Anheuser-Busch InBev is running into trouble in China.
The world’s largest brewer on Friday downgraded its annual earnings outlook after weak sales in China and the United States hurt profit growth in the third quarter.
Anheuser-Busch InBev raised roughly $5 billion last month in an IPO of its Asia business that touted future growth in the region, but signs of weakness in China sent its stock listing in Brussels down 10% on Friday and wiped out roughly $16 billion in market value.
The brewer of Budweiser and Stella Artois said in its earnings statement that listing its Asia Pacific business in Hong Kong provided a platform for buying opportunities, and that the unit was “positioned to expand across the fastest growing markets in the region.”
But economic growth in China is at its lowest level in nearly three decades and consumer spending is faltering, putting a number of Western companies that sell goods and services there, such as Nokia (NOK) and Renault (RNLSY), under pressure.
Anheuser-Busch InBev said lackluster sales in China and the United States had offset growth in Mexico, South Africa and Colombia. Price increases in South Korea also hurt sales and would be rolled back, the company said.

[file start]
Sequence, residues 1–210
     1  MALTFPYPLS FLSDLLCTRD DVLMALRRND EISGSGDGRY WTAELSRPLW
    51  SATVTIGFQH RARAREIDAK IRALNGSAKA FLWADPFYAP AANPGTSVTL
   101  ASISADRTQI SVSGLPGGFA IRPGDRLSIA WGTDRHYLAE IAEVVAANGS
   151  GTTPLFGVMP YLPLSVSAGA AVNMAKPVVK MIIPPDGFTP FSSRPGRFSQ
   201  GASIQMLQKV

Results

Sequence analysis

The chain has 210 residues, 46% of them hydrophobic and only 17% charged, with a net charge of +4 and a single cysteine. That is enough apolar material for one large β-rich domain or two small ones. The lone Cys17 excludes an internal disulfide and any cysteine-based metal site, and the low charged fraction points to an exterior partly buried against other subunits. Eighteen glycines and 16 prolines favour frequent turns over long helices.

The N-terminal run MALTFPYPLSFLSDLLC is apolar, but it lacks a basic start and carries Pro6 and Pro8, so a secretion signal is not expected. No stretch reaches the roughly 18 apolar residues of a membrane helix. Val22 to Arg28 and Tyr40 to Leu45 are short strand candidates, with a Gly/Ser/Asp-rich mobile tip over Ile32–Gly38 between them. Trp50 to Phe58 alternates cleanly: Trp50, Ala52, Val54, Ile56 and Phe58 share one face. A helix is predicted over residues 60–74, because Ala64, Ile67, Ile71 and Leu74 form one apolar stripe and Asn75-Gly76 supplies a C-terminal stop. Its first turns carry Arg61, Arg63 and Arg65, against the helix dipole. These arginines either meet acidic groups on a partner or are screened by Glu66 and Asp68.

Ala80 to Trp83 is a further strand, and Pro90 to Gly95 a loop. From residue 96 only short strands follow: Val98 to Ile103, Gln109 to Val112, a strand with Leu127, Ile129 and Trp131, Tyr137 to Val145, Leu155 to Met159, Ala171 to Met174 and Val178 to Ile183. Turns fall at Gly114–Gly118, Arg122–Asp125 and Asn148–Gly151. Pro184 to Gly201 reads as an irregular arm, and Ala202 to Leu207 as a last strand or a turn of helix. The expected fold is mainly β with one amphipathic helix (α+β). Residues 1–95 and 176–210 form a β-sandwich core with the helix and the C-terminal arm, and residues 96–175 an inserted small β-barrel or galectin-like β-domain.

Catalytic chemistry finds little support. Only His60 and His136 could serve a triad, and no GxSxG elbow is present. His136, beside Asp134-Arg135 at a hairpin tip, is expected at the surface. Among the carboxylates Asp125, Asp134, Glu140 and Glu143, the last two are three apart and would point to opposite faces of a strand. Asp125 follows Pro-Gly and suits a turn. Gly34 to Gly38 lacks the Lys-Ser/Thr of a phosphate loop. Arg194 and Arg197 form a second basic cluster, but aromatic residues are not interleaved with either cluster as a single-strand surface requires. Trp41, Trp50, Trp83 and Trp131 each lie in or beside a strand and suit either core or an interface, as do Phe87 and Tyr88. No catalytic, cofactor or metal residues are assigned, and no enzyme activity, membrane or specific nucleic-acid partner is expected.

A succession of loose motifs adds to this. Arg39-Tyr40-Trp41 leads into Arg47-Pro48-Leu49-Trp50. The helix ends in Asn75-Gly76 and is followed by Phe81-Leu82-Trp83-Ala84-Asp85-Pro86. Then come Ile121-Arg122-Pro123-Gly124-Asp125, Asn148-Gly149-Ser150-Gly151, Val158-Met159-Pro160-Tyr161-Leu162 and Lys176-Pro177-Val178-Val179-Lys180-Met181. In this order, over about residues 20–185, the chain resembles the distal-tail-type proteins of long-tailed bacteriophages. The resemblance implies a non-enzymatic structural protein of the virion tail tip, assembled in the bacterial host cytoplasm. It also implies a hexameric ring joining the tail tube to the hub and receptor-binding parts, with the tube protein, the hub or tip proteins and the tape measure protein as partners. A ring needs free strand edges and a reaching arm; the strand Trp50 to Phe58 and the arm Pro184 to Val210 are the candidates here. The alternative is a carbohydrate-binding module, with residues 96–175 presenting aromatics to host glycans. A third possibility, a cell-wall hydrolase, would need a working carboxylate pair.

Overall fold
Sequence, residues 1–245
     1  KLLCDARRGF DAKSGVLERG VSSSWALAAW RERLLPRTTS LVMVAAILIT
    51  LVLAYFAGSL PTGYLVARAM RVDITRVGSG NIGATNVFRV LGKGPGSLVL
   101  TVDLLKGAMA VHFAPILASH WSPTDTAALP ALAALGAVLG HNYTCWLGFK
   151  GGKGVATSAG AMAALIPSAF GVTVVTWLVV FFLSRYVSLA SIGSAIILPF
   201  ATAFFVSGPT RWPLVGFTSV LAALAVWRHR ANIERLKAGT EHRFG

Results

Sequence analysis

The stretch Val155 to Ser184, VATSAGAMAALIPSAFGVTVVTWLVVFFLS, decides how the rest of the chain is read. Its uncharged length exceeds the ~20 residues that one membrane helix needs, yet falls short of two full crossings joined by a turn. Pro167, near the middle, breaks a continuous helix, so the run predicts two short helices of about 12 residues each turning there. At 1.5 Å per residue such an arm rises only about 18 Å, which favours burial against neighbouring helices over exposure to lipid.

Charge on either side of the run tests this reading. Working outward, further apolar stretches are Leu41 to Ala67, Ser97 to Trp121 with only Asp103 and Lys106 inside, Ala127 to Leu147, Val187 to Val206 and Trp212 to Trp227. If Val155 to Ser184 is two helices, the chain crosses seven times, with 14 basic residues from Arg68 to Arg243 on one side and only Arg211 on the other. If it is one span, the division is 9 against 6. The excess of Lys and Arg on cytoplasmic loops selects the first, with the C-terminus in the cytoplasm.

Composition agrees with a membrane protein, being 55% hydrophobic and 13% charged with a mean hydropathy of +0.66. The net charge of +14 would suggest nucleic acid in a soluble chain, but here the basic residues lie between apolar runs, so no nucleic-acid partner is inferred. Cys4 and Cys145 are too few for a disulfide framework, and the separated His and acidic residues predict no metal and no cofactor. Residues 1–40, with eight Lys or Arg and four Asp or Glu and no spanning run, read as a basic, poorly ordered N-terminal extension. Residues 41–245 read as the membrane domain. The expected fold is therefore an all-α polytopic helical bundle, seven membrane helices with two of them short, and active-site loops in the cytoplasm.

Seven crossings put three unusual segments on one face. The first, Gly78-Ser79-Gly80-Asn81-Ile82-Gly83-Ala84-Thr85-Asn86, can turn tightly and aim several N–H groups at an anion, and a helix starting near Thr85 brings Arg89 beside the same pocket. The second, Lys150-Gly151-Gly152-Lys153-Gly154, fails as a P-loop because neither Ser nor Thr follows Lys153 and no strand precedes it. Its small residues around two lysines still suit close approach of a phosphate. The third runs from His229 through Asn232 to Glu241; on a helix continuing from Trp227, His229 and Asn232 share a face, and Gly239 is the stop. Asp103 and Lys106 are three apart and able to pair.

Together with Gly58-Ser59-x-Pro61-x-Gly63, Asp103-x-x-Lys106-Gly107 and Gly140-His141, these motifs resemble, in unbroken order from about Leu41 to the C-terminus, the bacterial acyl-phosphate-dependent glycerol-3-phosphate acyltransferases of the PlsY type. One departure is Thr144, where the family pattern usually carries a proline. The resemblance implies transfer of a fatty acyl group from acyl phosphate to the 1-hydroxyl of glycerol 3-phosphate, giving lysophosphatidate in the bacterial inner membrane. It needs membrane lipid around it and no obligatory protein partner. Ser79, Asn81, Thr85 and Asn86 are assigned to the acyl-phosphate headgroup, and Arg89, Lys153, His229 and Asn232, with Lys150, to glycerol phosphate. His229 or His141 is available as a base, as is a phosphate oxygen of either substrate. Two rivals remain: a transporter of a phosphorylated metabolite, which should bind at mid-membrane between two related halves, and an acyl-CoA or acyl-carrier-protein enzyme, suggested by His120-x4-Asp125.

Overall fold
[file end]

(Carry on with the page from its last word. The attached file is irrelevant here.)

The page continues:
The brewer pledged to keep prices low in emerging markets, even though doing so had reduced the value of its sales. “We believe a smart affordability strategy is a vital component to reaching new consumers and introducing beer to new occasions,” it said.
In the United States, Anheuser-Busch InBev lost out on booming demand for hard seltzer, or carbonated alcoholic drinks that come in cans. The company said it planned to expand in this category.
Sounding a positive note, Anheuser-Busch InBev said it would be able to reduce its enormous debt pile earlier than expected by using the proceeds of its Hong Kong IPO and the $11.3 billion windfall from the sale of its Australian unit to Japanese beer giant, Asahi.
Anheuser-Busch InBev, which had debt of $102.5 billion in 2018 after buying rival SABMiller, was forced to cut its dividend in half last year to steady its balance sheet.
- Sherisse Pham contributed to this report.